Well, I don't want to sound like a shill here but the Filtron kit comes with a plastic bottle that has a secondary built-in measuring section up top:

It's kinda cheaply made (mine cracked after 3 or 4 years), but it's extremely handy. You tilt the bottle around until the top section has as much as you'd like (there are measuring lines), then unscrew the lid on the top section and pour out exactly that amount into the cup. At first it's slightly more cumbersome than using a measuring cup, but much more convenient (no need to keep track of and wash the measuring cup) and you get the hang of it pretty quickly. Just don't constantly change coffee cup sizes and it's extremely easy to do even while half asleep.

It's also pretty nice to be able to make ice coffee on a whim, in under 20 seconds.

Comment: Re:To be more precise, Amazon will collect on taxe (Score 1) 221

by PopeRatzo (#49762997) Attached to: Amazon Decides To Start Paying Tax In the UK

The first rule of economics is "Businesses do not pay taxes. Businesses collect taxes."

No, the first rule of economics is "don't talk about economics".

Seriously, as long as you have companies in competition in regard to pricing, then yes, businesses do in fact pay taxes. They can not in fact just raise prices to cover taxes, because if they could raise prices, they already would have done so.

There is no law in economics that says "Businesses do not pay taxes. Businesses collect taxes." That's an old conservative trope that gained currency when Ronald Reagan and Margaret Thatcher were busy rodgering the working people of their respective countries.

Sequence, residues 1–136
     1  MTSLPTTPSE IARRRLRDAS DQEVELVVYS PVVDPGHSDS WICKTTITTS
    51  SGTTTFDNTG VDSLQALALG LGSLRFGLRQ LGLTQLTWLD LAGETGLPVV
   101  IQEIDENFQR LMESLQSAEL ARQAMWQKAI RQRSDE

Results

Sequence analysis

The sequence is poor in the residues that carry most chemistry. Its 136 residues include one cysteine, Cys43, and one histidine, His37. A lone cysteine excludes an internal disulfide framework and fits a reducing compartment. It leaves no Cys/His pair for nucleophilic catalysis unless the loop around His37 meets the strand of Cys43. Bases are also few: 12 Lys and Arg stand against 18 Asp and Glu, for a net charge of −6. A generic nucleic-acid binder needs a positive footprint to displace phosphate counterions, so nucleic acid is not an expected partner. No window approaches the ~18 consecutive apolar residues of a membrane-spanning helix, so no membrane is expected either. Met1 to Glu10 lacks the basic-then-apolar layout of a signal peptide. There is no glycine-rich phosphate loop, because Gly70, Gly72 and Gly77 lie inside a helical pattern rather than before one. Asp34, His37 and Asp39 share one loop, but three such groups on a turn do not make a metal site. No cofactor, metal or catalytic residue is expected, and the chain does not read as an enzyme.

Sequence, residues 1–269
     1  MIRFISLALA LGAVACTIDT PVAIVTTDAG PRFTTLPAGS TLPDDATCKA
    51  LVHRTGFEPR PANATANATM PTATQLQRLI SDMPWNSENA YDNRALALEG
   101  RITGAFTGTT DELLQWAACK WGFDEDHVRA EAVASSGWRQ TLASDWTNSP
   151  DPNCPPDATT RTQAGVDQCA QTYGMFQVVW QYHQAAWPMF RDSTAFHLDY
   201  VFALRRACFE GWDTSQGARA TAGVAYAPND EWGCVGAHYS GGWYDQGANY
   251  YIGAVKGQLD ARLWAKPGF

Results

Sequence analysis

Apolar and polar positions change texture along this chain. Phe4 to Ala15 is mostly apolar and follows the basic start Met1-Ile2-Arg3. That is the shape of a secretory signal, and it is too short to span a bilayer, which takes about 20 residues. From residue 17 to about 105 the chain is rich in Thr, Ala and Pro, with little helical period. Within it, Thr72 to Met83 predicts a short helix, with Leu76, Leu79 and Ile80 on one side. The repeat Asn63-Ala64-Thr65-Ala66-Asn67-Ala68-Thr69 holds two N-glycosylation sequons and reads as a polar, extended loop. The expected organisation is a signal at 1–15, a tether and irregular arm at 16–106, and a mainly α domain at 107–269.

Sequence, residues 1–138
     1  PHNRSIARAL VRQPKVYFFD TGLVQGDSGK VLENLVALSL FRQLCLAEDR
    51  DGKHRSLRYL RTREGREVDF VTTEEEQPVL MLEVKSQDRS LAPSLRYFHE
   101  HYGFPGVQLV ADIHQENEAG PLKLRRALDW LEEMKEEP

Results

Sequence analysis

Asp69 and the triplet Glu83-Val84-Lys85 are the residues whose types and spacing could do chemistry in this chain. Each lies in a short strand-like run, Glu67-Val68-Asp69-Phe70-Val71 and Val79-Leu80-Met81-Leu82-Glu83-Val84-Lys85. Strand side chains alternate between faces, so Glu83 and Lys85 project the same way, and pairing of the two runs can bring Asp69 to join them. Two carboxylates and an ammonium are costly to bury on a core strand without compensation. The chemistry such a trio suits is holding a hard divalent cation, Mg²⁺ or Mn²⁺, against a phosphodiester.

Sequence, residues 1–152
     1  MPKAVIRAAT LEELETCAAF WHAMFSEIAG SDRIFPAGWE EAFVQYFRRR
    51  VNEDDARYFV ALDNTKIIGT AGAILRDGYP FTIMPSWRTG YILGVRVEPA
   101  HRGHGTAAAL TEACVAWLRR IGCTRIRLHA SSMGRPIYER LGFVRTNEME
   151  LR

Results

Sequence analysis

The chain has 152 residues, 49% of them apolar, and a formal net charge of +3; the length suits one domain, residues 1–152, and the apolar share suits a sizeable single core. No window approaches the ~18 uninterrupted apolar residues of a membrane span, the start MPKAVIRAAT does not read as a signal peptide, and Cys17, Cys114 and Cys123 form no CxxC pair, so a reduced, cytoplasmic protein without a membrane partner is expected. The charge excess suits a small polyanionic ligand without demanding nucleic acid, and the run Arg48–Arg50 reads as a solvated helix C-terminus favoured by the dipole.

Comment: Re:Well... (Score 1) 280

by PopeRatzo (#49762933) Attached to: Study: Science Still Seen As a Male Profession

If you had gone to high school, you might have noticed that women make up 84% of the teaching staff

And if you could read your own citation, you'd have noticed that men make up 43% of the high school teachers.

The 84% number includes elementary, pre-school and early child care. As someone who's actually had progeny, I can assure you, there's a good reason men don't go into pre-school and early child care.

Comment: Re:Well... (Score 1) 280

by PopeRatzo (#49762921) Attached to: Study: Science Still Seen As a Male Profession

But elementary school and high school? Forget about it, that's approaching 100% women.

43% of high school teachers are male. And the number of men in teaching at the pre-school through high school level is growing. And growing is the opposite of "approaching zero", for future reference.

It is not well to be thought of as one who meekly submits to insolence and intimidation.